Presidential candidate Mike Huckabee railed against President Barack Obama's refusal to identify attacks against the United States and its allies as coming from Islamic jihadism, saying that there is something "unbalanced" about the country's approach to security.
"The biggest mistake is he will not identify this enemy as Islamic jihadism," the former Arkansas governor, who announced his 2016 candidacy Tuesday, told Fox News' "Fox & Friends" program Wednesday morning. "I hear the semantic games ... it doesn't matter. It's rooted in Islamic jihadism. Whether it's al-Qaida, ISIS, they're all leaves from the same tree."
On Tuesday, the Islamic State (ISIS) group claimed responsibility
for a weekend attack at a center near Dallas that was exhibiting cartoon depictions of the Prophet Muhammad, though it offered no evidence of a direct link to the attackers, who it called "two soldiers of the caliphate."
"Thank God for an off-duty traffic cop with a Glock who took down two people," Huckabee said Wednesday of the officer who killed the two gunmen and thwarted the attack.
But meanwhile, he said, "something is incredibly unbalanced about our approach to security" when elderly travelers can be "stripped electronically naked" by Transportation Security Administration agents in airports, "and this guy is tweeting he's about to attack somebody and we don't catch that."
Huckabee also told the program that his campaign's strength is that he speaks for people that "no one else is speaking up for."
"There are Americans who are feeling left out of the whole process," Huckabee said. "This is a world where so many people are thinking the elites run everything. Think about how many people work hard. Nobody is paying attention to them."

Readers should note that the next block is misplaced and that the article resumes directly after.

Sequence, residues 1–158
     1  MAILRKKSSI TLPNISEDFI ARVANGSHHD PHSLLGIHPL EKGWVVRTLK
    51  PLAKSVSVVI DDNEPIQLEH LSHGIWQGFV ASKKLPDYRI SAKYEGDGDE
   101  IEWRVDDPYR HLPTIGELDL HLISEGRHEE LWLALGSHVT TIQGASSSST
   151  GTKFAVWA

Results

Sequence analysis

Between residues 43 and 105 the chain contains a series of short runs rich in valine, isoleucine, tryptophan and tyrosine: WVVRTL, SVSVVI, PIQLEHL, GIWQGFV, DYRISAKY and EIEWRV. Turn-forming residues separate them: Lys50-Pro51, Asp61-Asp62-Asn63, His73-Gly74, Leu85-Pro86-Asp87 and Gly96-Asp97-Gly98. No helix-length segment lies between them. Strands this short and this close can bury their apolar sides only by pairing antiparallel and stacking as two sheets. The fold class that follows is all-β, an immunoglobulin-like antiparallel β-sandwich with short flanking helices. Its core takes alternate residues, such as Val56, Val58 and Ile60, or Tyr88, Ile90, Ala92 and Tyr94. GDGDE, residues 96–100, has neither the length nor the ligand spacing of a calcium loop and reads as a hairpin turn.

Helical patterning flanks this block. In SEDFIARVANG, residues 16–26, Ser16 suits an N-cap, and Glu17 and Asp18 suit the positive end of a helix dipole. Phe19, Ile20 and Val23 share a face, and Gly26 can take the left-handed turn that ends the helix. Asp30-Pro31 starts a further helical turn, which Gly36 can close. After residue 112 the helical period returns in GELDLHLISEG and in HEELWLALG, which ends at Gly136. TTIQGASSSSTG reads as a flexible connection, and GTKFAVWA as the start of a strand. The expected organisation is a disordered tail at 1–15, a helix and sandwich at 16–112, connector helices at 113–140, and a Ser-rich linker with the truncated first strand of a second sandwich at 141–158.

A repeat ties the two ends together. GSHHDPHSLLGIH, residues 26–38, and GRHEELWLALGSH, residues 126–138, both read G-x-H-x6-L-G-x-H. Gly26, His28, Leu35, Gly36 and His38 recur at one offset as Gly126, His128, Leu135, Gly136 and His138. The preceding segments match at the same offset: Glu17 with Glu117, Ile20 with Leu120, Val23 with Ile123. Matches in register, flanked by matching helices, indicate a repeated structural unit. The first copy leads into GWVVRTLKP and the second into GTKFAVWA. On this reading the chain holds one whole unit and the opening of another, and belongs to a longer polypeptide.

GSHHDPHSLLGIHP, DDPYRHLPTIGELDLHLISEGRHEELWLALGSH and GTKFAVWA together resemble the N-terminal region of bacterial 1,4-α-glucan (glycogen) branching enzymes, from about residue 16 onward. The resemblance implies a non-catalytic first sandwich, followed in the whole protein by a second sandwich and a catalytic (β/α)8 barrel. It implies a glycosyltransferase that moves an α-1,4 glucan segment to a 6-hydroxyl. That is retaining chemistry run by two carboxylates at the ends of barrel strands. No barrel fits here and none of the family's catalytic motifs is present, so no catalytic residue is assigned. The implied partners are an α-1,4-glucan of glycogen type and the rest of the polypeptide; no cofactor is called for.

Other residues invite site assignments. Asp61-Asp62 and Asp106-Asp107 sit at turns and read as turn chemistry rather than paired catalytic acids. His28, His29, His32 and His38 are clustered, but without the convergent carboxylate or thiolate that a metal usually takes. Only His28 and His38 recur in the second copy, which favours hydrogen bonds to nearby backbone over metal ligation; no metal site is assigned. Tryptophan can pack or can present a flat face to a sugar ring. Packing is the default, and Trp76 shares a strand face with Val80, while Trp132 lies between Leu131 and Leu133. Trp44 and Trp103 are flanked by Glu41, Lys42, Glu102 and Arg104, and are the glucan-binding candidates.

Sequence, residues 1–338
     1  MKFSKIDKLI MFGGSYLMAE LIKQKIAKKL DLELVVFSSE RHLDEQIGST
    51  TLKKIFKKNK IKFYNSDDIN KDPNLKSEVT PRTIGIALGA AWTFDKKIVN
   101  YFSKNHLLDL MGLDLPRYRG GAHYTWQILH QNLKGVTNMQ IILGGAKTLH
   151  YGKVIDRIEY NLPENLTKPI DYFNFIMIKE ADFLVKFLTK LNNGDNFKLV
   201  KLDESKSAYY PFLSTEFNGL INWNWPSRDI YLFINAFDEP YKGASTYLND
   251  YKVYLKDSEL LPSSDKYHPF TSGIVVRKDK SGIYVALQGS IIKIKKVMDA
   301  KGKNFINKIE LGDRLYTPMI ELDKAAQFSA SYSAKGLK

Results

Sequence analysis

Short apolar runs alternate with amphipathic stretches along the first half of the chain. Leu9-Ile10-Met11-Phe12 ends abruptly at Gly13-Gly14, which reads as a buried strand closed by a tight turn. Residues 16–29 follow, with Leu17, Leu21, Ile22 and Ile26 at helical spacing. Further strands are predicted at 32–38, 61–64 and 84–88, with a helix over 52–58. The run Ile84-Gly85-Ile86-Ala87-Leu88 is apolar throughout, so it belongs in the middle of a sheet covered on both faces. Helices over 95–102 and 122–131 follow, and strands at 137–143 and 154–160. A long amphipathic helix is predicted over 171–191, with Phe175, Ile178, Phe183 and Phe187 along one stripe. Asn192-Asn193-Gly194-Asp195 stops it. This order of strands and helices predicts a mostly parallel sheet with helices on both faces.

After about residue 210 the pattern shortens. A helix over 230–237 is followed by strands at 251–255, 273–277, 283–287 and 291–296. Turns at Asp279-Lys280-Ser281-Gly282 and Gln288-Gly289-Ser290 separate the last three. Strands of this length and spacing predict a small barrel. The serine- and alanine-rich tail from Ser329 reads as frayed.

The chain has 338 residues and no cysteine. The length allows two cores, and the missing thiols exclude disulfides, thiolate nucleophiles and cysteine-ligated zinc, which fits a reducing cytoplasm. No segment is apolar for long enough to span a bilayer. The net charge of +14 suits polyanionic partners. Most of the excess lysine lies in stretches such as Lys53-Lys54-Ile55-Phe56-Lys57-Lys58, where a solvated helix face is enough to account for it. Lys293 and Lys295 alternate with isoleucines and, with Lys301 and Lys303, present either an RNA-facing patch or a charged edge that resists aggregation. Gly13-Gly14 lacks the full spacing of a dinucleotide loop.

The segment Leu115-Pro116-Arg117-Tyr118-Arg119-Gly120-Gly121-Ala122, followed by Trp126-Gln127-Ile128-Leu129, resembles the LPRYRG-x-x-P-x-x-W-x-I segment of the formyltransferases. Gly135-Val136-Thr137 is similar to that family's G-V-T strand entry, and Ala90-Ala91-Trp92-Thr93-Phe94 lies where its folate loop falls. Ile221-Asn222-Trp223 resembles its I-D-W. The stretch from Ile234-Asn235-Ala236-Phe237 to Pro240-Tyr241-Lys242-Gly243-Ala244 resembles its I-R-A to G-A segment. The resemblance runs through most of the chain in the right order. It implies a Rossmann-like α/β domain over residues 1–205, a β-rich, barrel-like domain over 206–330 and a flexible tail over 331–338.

Huckabee, who left his own Fox News program while preparing for his announcement, also said that he does not believe the economy is recovering, and that the government actually traps people into poverty and keeps them there.
"You're a single mom, you can get benefits," he said. "If you get married, you lose the benefits. Shouldn't we encourage people to build stable families?"
But when a person gets a job that pays over the threshold of benefits, Huckabee said, they lose their children's healthcare and other benefits.
"In other words, you could go from having a relatively comfortable way of providing for your children to being in dire poverty by getting off poverty," said Huckabee. "The system traps people in. We wonder why so many people are in the system."
As far as his campaign goes, Huckabee says he's the same person who ran for office in 2008, because he's a Christian who doesn't "have the option of rewriting the Bible to fit the culture. I have to be who I am."
Evangelical Christian voters helped Huckabee win the Iowa caucuses
in 2008 and finish a strong second in South Carolina, the largest of the early voting states, and Huckabee needs to replicate that early success to create an opening to build a wider coalition and compete deep into the primary schedule.
He told Fox News, though, that his campaign isn't only about being the evangelical candidate, saying if anyone thinks that, they "must not have heard my speech yesterday."
"This is about securing America, making this country safe," said Huckabee. "It's about giving economic opportunity to the people who right now don't have it in this country.
"The economy is booming for people at the top. It is not booming for the bottom 90 percent of the workforce in America. The bottom 90 percent, most of America, have had stagnant wages for 40 years."
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